If I've been willing to blather on for this long in a movie review you already have some idea what I think of it. It's either damn good or something that would get you caned in Malaysia. (Have you contributed to the Send Uwe Boll to Malaysia Fund, yet?)

One could argue about how this Sherlock Holmes departs from the characters developed by Sir Arthur Conan Doyle once upon a time. It seems to me the adjustment is like adjusting any mention of currency for inflation. You couldn't compare the sales of Doyle's books to the earnings of modern books without adjusting his earnings for inflation and you can compare his characters to these without taking into consideration a change in society. There's plenty of modern adaptations of Shakespeare that don't get similar complaints. Holmes has always been a bit of a manic thrill seeker with no compunctions about getting into drugs or fights when be became bored due to a lax caseload.

Some of Holmes' tricks will be old if you've seen the first movie. Such as the way he analyzes his fights before getting into them. But this new movie throws a few twists into that as well as introducing a few new interesting elements. And Watson really comes into his own, both as a man of action and as a pretty good detective of his own. Plus we get to meet Moriarty and see his and Holmes' minds work against each other. By the way, props to Michele and Kieran Mulroney (the writers) for showing Professor Moriary as a professor instead of just a clever guy with a title.

Yes, I will be getting this on DVD. I may even see it in theaters again before it closes. And when the next one comes out I'll be there on opening weekend.

Santa's system test

Santa's sleigh performing pre-holiday systems check.

Friday, December 16, 2011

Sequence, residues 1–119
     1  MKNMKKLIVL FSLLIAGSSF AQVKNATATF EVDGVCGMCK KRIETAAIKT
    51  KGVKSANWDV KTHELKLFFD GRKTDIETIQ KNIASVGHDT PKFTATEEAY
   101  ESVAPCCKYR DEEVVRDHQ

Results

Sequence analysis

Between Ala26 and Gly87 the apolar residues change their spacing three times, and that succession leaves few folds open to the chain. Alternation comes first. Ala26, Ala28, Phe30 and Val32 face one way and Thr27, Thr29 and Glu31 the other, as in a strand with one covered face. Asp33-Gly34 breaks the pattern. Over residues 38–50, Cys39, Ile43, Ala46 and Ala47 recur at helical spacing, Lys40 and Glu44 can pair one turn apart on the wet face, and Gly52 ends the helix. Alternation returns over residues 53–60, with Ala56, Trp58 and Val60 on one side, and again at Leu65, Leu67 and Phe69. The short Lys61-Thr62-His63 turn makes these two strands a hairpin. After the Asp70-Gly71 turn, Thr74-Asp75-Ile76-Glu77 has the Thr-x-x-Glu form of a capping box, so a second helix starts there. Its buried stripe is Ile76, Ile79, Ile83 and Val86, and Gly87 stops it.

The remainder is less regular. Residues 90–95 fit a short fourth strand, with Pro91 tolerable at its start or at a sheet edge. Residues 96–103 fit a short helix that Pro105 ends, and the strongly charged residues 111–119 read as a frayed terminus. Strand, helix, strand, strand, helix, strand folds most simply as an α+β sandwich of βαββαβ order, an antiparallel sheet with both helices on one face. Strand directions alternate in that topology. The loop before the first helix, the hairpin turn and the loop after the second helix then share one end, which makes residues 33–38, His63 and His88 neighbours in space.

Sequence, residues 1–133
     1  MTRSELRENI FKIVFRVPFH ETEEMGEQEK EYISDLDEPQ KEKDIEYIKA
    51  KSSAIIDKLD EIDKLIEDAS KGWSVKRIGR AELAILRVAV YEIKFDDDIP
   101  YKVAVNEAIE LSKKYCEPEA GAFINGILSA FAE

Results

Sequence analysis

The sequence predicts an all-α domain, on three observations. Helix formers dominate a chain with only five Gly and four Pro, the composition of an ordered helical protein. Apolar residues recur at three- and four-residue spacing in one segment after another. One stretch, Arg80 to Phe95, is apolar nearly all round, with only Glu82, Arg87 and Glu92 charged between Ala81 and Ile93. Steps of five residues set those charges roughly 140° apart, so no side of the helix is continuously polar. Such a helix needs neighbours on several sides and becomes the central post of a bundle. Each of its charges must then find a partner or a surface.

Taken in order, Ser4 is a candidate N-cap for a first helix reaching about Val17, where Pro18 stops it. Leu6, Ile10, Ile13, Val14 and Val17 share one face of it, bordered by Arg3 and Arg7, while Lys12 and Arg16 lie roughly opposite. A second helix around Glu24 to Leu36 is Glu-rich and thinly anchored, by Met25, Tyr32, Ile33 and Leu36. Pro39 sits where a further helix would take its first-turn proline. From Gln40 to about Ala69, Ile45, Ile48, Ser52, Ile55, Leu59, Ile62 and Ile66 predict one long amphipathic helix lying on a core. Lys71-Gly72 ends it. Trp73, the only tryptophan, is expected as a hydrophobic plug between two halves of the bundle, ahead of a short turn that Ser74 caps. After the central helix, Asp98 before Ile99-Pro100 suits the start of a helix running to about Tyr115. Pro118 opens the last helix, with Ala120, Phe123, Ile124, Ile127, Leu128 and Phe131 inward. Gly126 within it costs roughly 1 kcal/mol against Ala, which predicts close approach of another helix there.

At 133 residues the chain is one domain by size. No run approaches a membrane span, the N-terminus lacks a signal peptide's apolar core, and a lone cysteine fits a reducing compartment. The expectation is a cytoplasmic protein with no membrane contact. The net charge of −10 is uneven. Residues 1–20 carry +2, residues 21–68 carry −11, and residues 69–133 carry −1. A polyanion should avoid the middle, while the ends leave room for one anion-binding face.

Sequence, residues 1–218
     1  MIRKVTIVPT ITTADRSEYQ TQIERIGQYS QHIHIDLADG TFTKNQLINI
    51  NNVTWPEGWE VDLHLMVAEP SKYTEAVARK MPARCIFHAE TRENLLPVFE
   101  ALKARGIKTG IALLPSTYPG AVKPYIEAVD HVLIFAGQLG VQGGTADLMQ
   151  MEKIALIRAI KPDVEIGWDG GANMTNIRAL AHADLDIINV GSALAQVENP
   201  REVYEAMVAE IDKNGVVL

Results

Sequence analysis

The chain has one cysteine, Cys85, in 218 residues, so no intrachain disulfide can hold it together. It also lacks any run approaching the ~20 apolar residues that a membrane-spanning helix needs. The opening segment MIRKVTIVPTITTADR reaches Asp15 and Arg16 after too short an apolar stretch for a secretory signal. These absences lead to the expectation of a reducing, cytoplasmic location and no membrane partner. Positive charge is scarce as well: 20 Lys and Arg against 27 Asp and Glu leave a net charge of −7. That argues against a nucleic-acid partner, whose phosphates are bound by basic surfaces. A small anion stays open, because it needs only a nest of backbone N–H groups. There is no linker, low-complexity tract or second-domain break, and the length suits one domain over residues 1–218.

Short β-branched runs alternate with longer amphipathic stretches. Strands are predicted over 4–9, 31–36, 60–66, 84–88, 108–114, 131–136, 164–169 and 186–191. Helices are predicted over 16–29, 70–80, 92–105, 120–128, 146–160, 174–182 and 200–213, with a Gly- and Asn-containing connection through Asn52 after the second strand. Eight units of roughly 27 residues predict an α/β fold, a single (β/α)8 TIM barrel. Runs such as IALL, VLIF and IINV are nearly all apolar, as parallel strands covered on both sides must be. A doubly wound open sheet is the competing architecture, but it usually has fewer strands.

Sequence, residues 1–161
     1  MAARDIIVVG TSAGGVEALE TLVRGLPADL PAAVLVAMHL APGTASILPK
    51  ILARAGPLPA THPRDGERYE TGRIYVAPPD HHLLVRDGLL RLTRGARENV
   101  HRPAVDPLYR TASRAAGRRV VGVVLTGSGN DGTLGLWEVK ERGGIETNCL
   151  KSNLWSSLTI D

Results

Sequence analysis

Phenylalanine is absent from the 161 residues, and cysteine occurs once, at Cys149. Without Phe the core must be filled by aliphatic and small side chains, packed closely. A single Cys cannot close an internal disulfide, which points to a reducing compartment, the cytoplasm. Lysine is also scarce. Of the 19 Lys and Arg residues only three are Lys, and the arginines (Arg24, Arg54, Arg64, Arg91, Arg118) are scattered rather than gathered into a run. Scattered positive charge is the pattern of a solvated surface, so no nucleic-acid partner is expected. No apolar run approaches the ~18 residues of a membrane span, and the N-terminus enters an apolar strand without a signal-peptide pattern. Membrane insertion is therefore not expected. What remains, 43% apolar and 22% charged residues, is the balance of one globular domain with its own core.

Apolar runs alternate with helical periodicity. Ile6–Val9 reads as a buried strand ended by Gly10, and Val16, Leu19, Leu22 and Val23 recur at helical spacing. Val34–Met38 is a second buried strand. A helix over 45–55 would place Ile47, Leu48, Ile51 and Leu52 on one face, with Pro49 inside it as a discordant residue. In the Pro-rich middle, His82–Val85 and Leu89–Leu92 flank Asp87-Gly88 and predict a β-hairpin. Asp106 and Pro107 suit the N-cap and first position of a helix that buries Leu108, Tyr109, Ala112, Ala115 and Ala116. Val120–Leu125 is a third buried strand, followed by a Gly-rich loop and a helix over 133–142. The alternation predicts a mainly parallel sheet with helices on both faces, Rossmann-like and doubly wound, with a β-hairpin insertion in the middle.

Obituary: Christopher Hitchens

As an agnostic (defined here as an atheist who is still listening) I've repeatedly come across the works of Christopher Hitchens. I haven't actually read any of his books. But I have enjoyed many of his articles and interviews and really enjoyed his debates.

Richard Dawkins is a level headed, even keeled, scientific sort whose books (that I also haven't read) approach the concept of god from a biological and otherwise science based stand. He has converted many Bible thumpers with cold reason.

Christopher Hitchens had the science based arguments in his repertoire, too, but he wasn't nearly as even tempered. He had no qualms about calling a moron a moron. His arguments included pointing out the abysmal logic of The Bible and worse logic of it's believers.

Despite our similar thinking, it took me awhile to warm to Hitchens. Largely because when I first looked at his writing he was convinced that the invasion of Iraq was justified because everyone knew Saddam had nukes. I don't know where he got his news from, but I always had trouble understanding how ANYONE could believe that. And that tinted most everything of his that I read. Eventually, he admitted that he had been working with flawed information and that the war was the result of a grand con job. That he was willing to change his opinion based on new information improved my view of him significantly. He became, in my view, not just an atheist with great, and sometimes cruel, debate skills, but fell into the definition of agnostic that I used back in the first line of this post. You'd never catch Ken Ham or Ray Comfort changing their story when proven wrong or given new information. And they have been, oh so many times.

In June 2010 he was diagnosed with esophageal cancer. The same thing that killed his father. It caused him to cancel a book tour, but didn't stop him from continuing to write and debate and give the occasional talk. The cancer and the treatment showed on him, but where it was possible to keep working, keep debating, and keep educating he still showed up and made no effort to put makeup over what was happening to him. He was forced to cancel many events when his voice failed, but only then.

One thing he made clear early on was that there would be no deathbed conversion. Christians often try to claim that prominent nay sayers of their God changed their mind as they died. Charles Darwin is one of the most famous cases of this, but anyone who claimed to have seen it has been proven not to have been in the room. Hitchens said that if for any reason he says otherwise in the hours before he passes that he can guarantee that it was the drugs talking.